Opinions, beliefs, and values swirl around like a nasty tornado in this global pandemic with no sign of cooling down. I’m sure you’ve noticed there is no shortage of social media rows; heated exchanges between strangers, friends, coworkers and yes even family have surged when it comes to the “right” way of handling this crisis. Many people who I’ve spoken with have described muting, unfriending, or blocking people on social media channels because of the content some of their contacts have posted. I’ll admit that I’ve done the same to protect my mental health and peace of mind.
There are so many opinions trying to dominate social media: whether to continue wearing a mask or not, was the Trucker Convoy right or not, whether to be vaccinated and how many vaccinations are enough? Did you adhere to provincial lockdowns? Did you protest outside a hospital against Covid measures? All of these strong and passionate stances (some based on science and experts while others are based on the opinions of influencers and conspiracy theorists) leave me concerned about what all of this may mean for workplace interpersonal relations.
Understandably, there’s a lot of variation in thoughts and practices for navigating through these unprecedented times. Although so much has changed, there are parallels between the current divisions and quarrelling and what transpired around the time of the 2016 US election.
Back in 2016, there seemed to be a sudden and dramatic shift. Unexpectedly, divisive political ideologies begin to chip away at people’s core values, it was no longer the concept of “let’s agree to disagree,” instead, political and ideological framing became very black and white. That palpable discord felt and experienced by so many naturally extends to the places in which we work. At work, there is a fine line to be walked when it comes to expressing our values and political beliefs.
Fast forward to 2022. The divisions still linger, now compounded by a global pandemic. It is clear that pandemic life has divided friends, family, coworkers and even simple strangers on sidewalks the same way the Trump era ripped through people’s lives severing ties and straining relationships once thought to be solid.
A client who is eager to return to her place of work after hearing her office would be resuming business as usual and that masks would be optional told me:
“I was so excited to go back to work, to step off the elevator and see my former colleagues smiling without a mask on, Starbucks in-hand, welcoming each other back; maybe even hugging. When I expressed this desire to a close co-worker, she grew quiet over the phone. She revealed to me that it was people like me that made her feel like she couldn’t comfortably return to in-person work.”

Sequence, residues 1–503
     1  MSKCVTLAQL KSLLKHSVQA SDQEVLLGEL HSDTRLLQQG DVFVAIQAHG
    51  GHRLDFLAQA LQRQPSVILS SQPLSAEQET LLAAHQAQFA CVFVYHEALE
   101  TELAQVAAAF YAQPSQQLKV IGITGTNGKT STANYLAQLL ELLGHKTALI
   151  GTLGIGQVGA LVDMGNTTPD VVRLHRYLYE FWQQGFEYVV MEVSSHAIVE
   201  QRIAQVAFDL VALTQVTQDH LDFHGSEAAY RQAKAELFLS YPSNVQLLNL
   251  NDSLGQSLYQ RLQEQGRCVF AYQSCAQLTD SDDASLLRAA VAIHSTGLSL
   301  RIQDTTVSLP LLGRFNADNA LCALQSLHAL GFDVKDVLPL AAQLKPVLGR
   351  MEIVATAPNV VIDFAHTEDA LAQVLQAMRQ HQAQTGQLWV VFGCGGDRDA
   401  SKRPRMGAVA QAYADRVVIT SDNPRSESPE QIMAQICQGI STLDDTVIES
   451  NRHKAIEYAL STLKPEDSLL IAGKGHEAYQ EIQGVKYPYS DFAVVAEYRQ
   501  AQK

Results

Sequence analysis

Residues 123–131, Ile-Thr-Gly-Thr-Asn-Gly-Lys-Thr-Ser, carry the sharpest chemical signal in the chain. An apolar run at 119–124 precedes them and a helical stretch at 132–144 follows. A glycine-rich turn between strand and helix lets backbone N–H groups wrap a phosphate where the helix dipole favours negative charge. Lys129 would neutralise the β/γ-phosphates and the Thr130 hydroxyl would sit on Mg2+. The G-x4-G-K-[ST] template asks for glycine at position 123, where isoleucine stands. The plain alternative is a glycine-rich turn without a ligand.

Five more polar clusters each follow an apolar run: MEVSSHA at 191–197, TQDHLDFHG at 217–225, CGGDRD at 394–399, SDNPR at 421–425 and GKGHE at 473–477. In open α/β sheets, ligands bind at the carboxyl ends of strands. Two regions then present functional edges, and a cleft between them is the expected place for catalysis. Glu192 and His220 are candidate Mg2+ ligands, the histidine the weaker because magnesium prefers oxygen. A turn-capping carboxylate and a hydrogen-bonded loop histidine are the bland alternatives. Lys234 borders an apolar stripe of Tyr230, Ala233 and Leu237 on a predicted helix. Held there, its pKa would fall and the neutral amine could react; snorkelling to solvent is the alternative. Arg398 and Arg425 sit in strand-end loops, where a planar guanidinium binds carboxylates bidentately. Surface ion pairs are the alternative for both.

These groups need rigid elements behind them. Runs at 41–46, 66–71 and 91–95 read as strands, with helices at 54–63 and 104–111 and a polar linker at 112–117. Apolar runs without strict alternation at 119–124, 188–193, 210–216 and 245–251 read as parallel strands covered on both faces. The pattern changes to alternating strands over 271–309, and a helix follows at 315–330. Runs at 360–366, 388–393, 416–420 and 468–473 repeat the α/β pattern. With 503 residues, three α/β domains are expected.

This client was surprised that her desire to get back to the office with no Covid mandates or restrictions was offensive and even bordering on threatening to her workplace friend.
All of this makes me worry that the transition back to the office is going to be extremely challenging. We have to co-exist peacefully with colleagues who have different perspectives on vaccination, masking and the issues raised by the truck convoy to Ottawa.
It’s important to note that there is a legitimate threat to health, especially for people with underlying (and private) health concerns or who have close interactions with people who have fragile immunity. Should employees be forced to co-exist in the physical workplace with people who don’t care about catching or infecting others with Covid? After all this time and suffering, there are people who don’t believe Covid is any more serious than a cold.
Personally, I don’t think they should. For certain employees, the perceived threats of physical and emotional harm are real. Employers should consider making accommodations the same way they do for people with disabilities. Moreover, many employees have worked effectively remotely for over two years.
Here’s an important consideration. If employees are extremely anxious about being in the physical workplace due to their fears and concerns about getting sick — or because it was such a relief to work from home away from discrimination and bullying — remember that these fears will diminish their ability to focus, in much the same way that covering at work redirects work energy into self-protection.
Some suggestions to make the transition easier:
- A staggered return to work to give people a chance to adjust over time
- Offer the option of a hybrid work arrangement
- Keep the option of remote work in place permanently, even if it has to be reviewed on a case-by-case basis.
Here are a couple of articles about returning to work that I thought were worth sharing:
- COVID restrictions are lifting, but for some, anxiety remains (Susan Schwartz, Montreal Gazette, March 11, 2022)
- The Dos and Don’ts of Going Back to the Office (Dene Moore, Globe and Mail, April 11, 2022)
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